The announcement that Pierre Gauthier was fired as GM of the Montreal Canadiens came with the same odd sense of timing that marked the man’s tenure as architect of one of hockey’s most storied franchises. The only way the dismissal could have been more apt is if owner Geoff Molson announced it two hours before a game (the way Gauthier fired assistant coach Perry Pearn) or halfway through a game (the way Gauthier traded Mike Cammalleri).
Calling the Gauthier Era a gong show is an affront to both gongs and shows. He was the worst choice possible for a modern-day NHL fishbowl, a man whose hockey acumen was overshadowed by his transparent discomfort with the media and transparency in general. So deeply ensconced in his bubble was Gauthier, he willingly traded an expiring contract in Jaroslav Spacek for Tomas Kaberle’s bloated deal that has two more seasons on it. Gauthier was so utterly bereft of understanding the French-Canadian media’s influence, he honestly thought he could fire Jacques Martin and install an Anglophone (poor Randy Cunneyworth) without anybody batting a lash.
More importantly, as the public face of the franchise, Gauthier’s pained disposition put him behind the eight-ball (huit-ball?) virtually from the start. He was an extension of the Bob Gainey regime, but Gainey’s similar countenance was easily forgiven by Habs fans who never could forget his legendary on-ice contributions.
Gauthier had none of that armor to protect him from a backslide in the team’s performance and the (correct) sense he was constantly pushing the panic button this season, to the point the button busted. While some Montreal observers expected a playoff spot to be a certainty, others (including me) saw a group that had many of its post-season eggs in the basket resting on Andrei Markov’s wonky right knee – and when the veteran defenseman missed 68 games because of it, the Canadiens didn’t have enough depth or talent to steer them through rough waters.
Had Gauthier taken a reasonable look at his depth chart – or had Molson come to his senses earlier than he did Thursday – there would have been an acknowledgement of the building Montreal still had to do to be considered a bona fide Stanley Cup contender. Instead, Gauthier stubbornly added mid-tier veterans such as Kaberle (who carries a cap hit of $4.25 million until 2013-14) and Rene Bourque (under contract until 2015-16 and traded for Mike Cammalleri, whose contract expires two seasons earlier), while throwing people like Pearn and Martin overboard. It was like having a house on fire and the firemen responding by spraying the blaze with gasoline and fireworks. But Molson allowed it to happen, so ultimately, he shares in the blame for the damage Gauthier did on his way out the door.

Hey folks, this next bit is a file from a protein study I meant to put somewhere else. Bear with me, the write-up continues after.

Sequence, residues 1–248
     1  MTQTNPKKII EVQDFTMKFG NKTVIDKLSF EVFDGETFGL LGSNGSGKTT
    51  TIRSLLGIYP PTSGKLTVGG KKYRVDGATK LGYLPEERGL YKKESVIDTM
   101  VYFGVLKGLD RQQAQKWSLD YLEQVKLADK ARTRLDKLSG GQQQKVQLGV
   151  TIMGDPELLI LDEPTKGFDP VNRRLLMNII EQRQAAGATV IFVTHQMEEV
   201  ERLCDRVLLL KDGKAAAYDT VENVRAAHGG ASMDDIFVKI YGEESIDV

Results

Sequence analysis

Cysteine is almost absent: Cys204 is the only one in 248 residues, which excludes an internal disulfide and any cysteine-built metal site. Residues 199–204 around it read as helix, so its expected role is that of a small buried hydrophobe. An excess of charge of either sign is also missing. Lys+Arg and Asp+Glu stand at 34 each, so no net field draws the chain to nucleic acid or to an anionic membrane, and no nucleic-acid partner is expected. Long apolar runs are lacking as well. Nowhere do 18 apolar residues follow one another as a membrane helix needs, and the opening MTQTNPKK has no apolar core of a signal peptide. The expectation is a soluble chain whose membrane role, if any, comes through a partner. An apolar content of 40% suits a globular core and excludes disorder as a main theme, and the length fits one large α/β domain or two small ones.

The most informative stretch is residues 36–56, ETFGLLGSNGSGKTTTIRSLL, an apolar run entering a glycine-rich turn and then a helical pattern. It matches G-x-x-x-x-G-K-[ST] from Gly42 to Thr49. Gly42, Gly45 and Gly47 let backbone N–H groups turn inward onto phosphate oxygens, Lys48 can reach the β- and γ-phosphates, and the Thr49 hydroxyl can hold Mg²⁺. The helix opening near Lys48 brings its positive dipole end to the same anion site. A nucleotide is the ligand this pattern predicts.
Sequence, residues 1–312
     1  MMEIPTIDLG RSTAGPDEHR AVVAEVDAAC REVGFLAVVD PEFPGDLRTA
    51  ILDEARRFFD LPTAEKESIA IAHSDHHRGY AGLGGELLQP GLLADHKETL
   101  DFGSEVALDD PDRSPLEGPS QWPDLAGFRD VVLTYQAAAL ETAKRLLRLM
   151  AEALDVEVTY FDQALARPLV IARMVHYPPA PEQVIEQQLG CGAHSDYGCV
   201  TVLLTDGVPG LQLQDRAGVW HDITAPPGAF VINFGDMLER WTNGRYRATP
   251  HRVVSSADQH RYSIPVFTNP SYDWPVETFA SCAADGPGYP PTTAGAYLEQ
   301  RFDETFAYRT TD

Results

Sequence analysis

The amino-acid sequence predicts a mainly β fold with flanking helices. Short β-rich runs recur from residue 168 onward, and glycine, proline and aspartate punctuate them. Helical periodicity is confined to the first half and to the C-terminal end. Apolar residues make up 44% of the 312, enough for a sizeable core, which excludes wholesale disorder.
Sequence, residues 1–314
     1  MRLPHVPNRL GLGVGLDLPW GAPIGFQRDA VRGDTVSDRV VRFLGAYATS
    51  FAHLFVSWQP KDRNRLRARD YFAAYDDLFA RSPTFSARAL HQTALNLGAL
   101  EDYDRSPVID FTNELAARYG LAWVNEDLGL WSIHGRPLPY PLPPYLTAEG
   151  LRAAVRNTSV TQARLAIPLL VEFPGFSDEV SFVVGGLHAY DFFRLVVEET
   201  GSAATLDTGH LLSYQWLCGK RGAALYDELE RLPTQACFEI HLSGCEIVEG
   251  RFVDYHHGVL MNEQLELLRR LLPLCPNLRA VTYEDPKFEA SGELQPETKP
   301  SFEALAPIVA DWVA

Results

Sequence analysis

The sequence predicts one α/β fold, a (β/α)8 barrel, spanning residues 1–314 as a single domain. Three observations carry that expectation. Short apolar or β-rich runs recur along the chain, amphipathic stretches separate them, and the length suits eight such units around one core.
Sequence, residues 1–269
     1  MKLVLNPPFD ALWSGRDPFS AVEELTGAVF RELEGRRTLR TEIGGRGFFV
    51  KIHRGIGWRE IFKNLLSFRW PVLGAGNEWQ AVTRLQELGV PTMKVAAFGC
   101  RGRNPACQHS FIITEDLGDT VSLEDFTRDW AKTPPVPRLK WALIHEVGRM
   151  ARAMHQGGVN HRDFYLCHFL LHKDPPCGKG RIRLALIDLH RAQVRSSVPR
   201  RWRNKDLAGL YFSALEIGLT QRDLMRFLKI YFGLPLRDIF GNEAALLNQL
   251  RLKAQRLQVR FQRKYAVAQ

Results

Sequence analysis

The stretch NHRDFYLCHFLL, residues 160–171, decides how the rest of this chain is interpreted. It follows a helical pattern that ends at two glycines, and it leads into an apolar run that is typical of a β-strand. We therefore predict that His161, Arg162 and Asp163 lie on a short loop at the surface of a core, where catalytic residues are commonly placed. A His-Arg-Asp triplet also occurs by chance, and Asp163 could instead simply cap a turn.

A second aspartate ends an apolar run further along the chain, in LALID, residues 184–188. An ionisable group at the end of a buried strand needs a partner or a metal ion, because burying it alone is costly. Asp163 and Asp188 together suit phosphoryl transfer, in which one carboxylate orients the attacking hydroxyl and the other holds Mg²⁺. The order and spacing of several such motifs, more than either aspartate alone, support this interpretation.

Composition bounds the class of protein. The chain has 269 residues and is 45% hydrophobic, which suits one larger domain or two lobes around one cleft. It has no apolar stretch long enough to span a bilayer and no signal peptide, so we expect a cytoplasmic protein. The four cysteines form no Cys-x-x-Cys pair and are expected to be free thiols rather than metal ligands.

Now, the focus turns to who will replace Gauthier. There will be those who suggest a tried-and-true veteran GM with an NHL championship on his resume is the answer, but as we’re seeing with the Canadiens’ arch-rivals in Toronto, that’s no guarantee of success. Instead, my preference would be for ownership to take a long, hard look at someone such as Leafs assistant GM Claude Loiselle or Tampa Bay’s Julien BriseBois.
Both men are diligent workers who’ve paid their dues and, most crucially, they’ve got extensive expertise in managing the salary cap, an attribute Gauthier’s adventures have made an absolute necessity to have in his replacement. BriseBois and Loiselle also don’t come off as if they’d rather perform a Brazilian wax on themselves than speak to the media. As Gauthier has demonstrated, that’s very important as well.
Regardless of who takes the Canadiens’ reins, the new brass must restore a sense of calm and dignity to the organization. Under Gauthier, the franchise became Distraction Central, a reality-proofed region where the best of intentions went to die. If that doesn’t improve, its place in the standings won’t, either.
When the Habs were stacking up Cups, they were class personified. Unfortunately for Gauthier, his legacy leaves Montreal in dire need of class classes.
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